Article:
Israelis increasingly perceive their public sector as corrupt relative to other countries, according to a global index released Wednesday by the Peace Index. Israel ranked at number 39 in the world, continuing the country's slide from previous years; last year Israel ranked at number 36 and in 2010 it ranked 30.
Transparency International’s 2012 Corruption Perceptions Index ranked 176 countries on perceptions of public sector corruption on a scale of 0 - 100, where 0 means that a country is perceived as highly corrupt and 100 means it is perceived as very clean.
On a more positive note, Israel's score, 60, was slightly higher than in 2011, when it scored 59, indicating that while it continues to fall behind other countries, Israelis are slowly growing more confident in the public sector.
Denmark, Finland and New Zealand tied for the top slot, with a score of 90. At the bottom of the list ranked Afghanistan, North Korea and Somalia, all with a score of eight.
Though lagging behind other Western countries, Israel continued to rank ahead of most Middle Eastern and North African countries, where 78% of the countries scored below 50. Leading the group was Qatar and the United Arab Emirates - the only two countries that ranked ahead of Israel. At the bottom of the list was Iraq, with a rank of 18.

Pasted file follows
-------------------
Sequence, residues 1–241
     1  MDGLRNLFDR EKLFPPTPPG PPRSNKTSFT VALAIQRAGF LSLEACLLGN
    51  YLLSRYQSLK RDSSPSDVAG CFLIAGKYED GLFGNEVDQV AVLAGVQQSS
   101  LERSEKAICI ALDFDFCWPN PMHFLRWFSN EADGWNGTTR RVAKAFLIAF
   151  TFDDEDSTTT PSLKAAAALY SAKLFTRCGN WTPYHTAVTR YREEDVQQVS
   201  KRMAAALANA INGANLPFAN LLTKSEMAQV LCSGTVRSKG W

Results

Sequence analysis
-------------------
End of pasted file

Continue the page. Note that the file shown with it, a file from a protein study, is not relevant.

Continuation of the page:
“We must ensure that there are real consequences to corruption," said Huguette Labelle, Chair, Transparency International. "‘No to impunity’ cannot just be a slogan – it must be carried out with all our combined strength and inspire citizens to speak up and to no longer tolerate corruption."
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